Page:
The following is part one of a two part feature on the Canadian housing crisis.
Nikolaus Petrogiani moved back to Toronto in May after five years in Australia, settling into a downtown condominium rental with his mom and brother until he found a place of his own.
However, not only has his search been unfruitful, their landlord sold the condo and informed them just around Christmas they have until March to move out. Although Petrogiani is looking to move into an apartment alone, that’s proving difficult, so he and a friend are looking for a place they can share as roommates.
“We’re talking to a realtor who’s helping us find a place. We told him what we want and our budget, and we’ve gone to some viewings,” Petrogiani said, adding that they have put offers in and been “ghosted” by landlords spoiled for choice.
“It’s going down the wire and, personally, I’m sure I’ll be able to stay with someone in the city who could take me in, who would let me stay on their couch until I find a place. Not everyone’s as fortunate as I am to have supportive family. It can be very tough and scary. Maybe you eventually have to cave and live in a basement where your head’s hitting the ceiling, and with no windows, for $2,000. I’m staying positive but it is worrisome.
“It’s out of my budget to live alone. It’s too hard.”
Petrogiani’s struggle isn’t unique.
The Greater Toronto Area has a paucity of purpose-built rental units, making investor-owned condos crucial. However, the Toronto Regional Real Estate Board (TRREB) reported there were 13,366 condo rental transactions in the third quarter of last year, decreasing by 17.3% from same quarter in 2021.
Moreover, listings dropped by 25.6% during the period, causing one- and two-bedroom rentals to increase in price by 20.4% and 14.5% to $2,481 and $3,184, respectively.
“This means that it became more difficult for renters to find a unit to meet their housing needs compared to a year ago,” TRREB wrote in late October.
Known as quantitative easing (QE), the Bank of Canada responded to the pandemic by purchasing open-market securities and plunging its overnight lending rate to 0.25% while also printing more money. But in essentially making borrowed money free, asset owners leveraged commodities like housing to buy additional properties, which they’d rent out, and drove up prices.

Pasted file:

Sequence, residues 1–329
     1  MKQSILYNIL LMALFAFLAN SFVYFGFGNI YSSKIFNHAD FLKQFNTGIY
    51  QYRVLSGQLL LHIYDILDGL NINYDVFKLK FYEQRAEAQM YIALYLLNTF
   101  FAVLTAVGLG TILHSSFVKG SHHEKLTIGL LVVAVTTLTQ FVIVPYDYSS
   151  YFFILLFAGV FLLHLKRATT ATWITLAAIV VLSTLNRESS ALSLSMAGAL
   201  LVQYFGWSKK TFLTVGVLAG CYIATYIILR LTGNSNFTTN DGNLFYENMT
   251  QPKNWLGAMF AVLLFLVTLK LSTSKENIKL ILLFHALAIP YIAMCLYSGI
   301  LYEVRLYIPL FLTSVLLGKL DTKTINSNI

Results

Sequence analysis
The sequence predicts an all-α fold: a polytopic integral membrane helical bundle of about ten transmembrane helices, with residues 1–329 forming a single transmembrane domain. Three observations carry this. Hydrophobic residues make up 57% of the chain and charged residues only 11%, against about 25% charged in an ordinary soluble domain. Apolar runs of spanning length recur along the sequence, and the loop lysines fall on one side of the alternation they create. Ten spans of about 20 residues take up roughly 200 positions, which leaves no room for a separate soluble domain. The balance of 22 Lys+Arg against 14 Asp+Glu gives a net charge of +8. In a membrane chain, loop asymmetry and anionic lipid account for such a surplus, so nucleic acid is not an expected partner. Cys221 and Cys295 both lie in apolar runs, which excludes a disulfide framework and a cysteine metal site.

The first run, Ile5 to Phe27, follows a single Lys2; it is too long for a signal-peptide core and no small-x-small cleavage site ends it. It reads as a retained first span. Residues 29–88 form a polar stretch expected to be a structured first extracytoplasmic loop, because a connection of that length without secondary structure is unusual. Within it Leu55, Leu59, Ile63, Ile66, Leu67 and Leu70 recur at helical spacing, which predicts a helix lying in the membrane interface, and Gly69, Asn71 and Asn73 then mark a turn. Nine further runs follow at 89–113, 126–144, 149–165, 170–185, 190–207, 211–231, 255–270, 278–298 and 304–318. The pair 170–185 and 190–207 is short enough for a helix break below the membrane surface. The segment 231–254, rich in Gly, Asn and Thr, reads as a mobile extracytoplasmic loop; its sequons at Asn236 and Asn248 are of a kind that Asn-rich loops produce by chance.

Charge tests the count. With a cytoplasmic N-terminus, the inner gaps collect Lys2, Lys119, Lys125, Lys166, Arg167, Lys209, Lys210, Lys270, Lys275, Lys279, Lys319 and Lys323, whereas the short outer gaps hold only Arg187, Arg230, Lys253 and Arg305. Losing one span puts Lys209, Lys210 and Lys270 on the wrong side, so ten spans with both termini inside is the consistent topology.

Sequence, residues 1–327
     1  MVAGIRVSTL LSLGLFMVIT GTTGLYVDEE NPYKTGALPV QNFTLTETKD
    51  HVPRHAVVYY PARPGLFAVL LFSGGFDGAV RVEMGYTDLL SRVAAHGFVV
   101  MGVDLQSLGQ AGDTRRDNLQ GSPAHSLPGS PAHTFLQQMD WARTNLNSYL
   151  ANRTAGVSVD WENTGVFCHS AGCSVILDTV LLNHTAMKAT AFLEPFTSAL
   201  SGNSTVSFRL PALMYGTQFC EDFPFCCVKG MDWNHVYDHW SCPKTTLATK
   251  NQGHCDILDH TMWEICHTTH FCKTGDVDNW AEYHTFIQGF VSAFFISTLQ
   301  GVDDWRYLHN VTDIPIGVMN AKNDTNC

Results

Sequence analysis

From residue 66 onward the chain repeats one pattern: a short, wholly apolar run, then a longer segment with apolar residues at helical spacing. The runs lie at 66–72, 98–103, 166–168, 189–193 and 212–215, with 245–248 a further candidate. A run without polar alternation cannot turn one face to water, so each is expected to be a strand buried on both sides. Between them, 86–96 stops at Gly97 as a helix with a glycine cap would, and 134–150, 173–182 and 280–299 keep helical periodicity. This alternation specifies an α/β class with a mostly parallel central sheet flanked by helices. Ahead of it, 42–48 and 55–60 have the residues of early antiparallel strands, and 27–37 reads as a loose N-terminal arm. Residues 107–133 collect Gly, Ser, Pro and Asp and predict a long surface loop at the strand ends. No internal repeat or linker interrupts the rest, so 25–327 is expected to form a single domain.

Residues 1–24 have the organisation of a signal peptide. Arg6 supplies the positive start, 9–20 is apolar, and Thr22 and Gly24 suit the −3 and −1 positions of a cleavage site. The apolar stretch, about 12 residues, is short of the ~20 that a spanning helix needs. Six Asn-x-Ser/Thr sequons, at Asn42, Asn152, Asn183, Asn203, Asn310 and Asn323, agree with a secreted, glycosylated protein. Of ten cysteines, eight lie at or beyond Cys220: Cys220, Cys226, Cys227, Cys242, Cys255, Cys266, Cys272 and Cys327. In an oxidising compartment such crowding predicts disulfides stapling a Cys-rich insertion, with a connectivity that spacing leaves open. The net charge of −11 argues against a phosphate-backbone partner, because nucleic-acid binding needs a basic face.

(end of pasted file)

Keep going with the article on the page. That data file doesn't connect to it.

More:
And as housing prices increased, so did the rents carrying landlords’ mortgages.
“Quantitative easing has priced a lot of people out, particularly people who don’t already have assets,” housing market analyst and realtor Steve Saretsky said. “QE is ultimately designed to help support lower interest rates and boost asset prices, and those who benefit are those who already own assets, and if you already own a house or real estate, you do well. QE has been beneficial for your balance sheet but those who don’t have assets are those who have fallen behind. Now you see increases in wealth inequality and QE has played a part in that.”
Housing supply in the GTA has long been outstripped by excessive demand, partly owing to confounding government policies that have exacerbated the latter, but QE created a housing rush that was arguably more frenzied than before the pandemic.
The central bank’s QE regime began in April 2020 and concluded by December 2021, but by November 2020 it was reported that Canadian households were hoarding $90 billion of cash, a number which grew in excess of $200 billion by the following April, elucidating just how healthy the economy actually was.
“Prolonging it for as long as we did suppressed mortgage rates, which ultimately stoked a housing bubble and now we’re dealing with the cleanup, which is excess inflation and higher interest rates on people’s debts,” Saretsky said. “A lot of the blame ultimately belongs on the federal government, as well. They were the ones stimulating. The Bank of Canada was effectively monetizing the federal government’s deficits, so I think a lot of this is to blame on the federal government.
“The monetary base expanded by 20 to 25% at one point and house prices were up 30% too, so there’s no question when you run massive deficits and the central bank finances it, you get what we got, which is currency devaluation.”
Part two of this feature explores how Canadian housing policies have made people serfs in what’s becoming a neo-feudal society.